…and one that in the fullness of time may well come back to haunt the Beaumont Society which, on the face of it, appears to have come as close to outing a trans man as it is possible to come without naming names.
A large chunk of the trans community is now up in arms and less than happy at the role played by a body that has always been viewed with suspicion by the transsexual end of the “umbrella”, while the justification for its action given by that organisation seem more likely to fan the flames than put them out.
Let’s start with what is known. A well-respected freelance journo, by name Lois Rogers, who specialises in issues of medical ethics and practice was looking into questions arising from the desire of some trans men to re-re-assign: or at least to have children. She approached the UK’s Human Fertility and Embryology Authority for comment, and the impression given is that they didn’t exactly confirm, but hedged.
When a story is not a story
She then phoned round various trans organisations and one decided to hand her a story on a platter. According to an official statement put out yesterday, the BS affirmed that in response to a query from the Sunday Times, they had told them:
“We were contacted last year through our information line number asking for details on this issue. As an information line, we were unable to help with this query and so referred the matter onto GIRES. Some period of time later we received a thankyou for being there and the info we provided.”
That, in anybody’s book, is confirmation. That is what stands a story up – although it was hard to convince the BS that they had in any way been at fault in this respect.
The attitude of their press officer, contacted yesterday, appeared to be that whatever one told the press it did not much matter, because they would “make it up anyway”.
Nope. Hard as it may be to credit it, the vast majority of the press need SOME substance with which to work. They may spin, twist, misrepresent and generally imply you said something other than what you said. But for the most part, outright fiction is not on the cards.
Which is why both the statement and the subsequent denial that the BS had in any way given out this story was so extraordinary. Total, utter disconnect.
Google is your friend!
The BS were officially puzzled at how the press had got hold of the name of Joanna Darrell,the individual who is quoted as giving out the above information (clue: her e-mail and mobile number were on their site. It took less than 30 seconds to get from there to a name, via google).
Beaumont Society: speaking first, speaking for all
As for whether they should possibly have maintained a more dignified silence and not put themselves forward as speaking for the UK’s trans community, well they, unike other trans organisations are prepared to speak to the press.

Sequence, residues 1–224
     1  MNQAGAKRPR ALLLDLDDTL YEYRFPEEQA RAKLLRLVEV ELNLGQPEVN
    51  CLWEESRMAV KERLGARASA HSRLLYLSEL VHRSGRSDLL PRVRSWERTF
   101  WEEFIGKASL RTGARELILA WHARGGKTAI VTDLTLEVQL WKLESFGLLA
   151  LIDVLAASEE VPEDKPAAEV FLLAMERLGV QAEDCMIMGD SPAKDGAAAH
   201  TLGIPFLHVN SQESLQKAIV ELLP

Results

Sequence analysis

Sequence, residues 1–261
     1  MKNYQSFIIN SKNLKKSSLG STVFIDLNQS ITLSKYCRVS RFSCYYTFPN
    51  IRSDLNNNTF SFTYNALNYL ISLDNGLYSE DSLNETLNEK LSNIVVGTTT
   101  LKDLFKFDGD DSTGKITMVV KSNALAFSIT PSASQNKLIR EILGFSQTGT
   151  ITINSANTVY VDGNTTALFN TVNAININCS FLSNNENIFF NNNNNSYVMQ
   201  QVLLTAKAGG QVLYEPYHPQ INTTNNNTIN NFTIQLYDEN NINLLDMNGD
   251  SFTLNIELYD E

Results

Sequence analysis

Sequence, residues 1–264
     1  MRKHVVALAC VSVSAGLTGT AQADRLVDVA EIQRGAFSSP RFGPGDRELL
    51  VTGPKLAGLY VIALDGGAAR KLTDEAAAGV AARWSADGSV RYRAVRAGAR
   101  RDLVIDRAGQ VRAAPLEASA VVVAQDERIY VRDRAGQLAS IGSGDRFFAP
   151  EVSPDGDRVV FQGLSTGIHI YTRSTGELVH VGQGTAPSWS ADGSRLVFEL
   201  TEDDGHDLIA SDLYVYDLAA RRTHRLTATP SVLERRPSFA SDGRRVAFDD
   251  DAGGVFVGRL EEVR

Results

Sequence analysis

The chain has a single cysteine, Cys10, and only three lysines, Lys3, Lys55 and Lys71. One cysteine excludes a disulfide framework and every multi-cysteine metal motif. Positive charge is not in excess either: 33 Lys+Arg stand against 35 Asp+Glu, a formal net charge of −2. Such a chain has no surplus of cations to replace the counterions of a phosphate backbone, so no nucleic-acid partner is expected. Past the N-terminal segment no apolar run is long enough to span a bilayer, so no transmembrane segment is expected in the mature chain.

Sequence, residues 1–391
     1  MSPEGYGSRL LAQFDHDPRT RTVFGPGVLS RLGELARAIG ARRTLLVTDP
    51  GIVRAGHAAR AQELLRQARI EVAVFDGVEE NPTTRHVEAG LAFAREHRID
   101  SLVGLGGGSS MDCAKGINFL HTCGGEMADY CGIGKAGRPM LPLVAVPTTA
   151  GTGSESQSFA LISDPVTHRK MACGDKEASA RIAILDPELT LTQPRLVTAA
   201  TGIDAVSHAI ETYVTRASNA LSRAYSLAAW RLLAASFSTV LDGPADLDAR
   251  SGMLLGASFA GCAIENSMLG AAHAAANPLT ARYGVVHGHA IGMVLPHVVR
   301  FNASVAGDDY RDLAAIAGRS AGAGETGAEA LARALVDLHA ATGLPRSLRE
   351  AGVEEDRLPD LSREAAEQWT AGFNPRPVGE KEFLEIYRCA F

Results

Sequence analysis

As their spokeswoman put it, if other organisations want to be in the press, its up to them to get back and respond. She told me: “if they want a response, we’ll give response: if the rest of the trans community doesn’t respond, then that’s their problem.”
None of which is likely to go down well with sections of the trans community already concerned at the increasing way in which the BS appears to be becoming port of first call for press comment on issues of particular concern to the transsexual community.
The suggestion, also made by their spokesperson, that they are “authorised to speak on trans issues because they have ts members on their committee” is unlikely to go down well with those who have felt less than helped by the BS in the past.
Certainly, since this story came to light yesterday, a number of prominent trans women have commented publically about how unsupportive a role – negative, even – the BS played in their early transition.
Yesterday’s story has beyond a doubt stirred up both prurience and a great deal of hostility towards the UK’s trans community. The fact that it was possibly an accident waiting to happen – that there ARE trans men out there who wish to have children and sooner or later one of them was bound to be cuahgt out by the press – is neither here nor there.
This particular outing – this pr disaster – seems to originate in one clearly identifiable quarter: to owe as much to a lack of professionalism in dealing with the press as anything else.
Whether it will end there remains to be seen. The tabloid press are still conducting a witch-hunt for the individual in question.
Moreover, a number of individuals seem sufficiently riled up to “out” the BS in terms of breaches it appears to be committing of the Data Protection Act, both generally and in respect of this case.
It is all the most awful mess – far from edifying – and no way for a community to behave.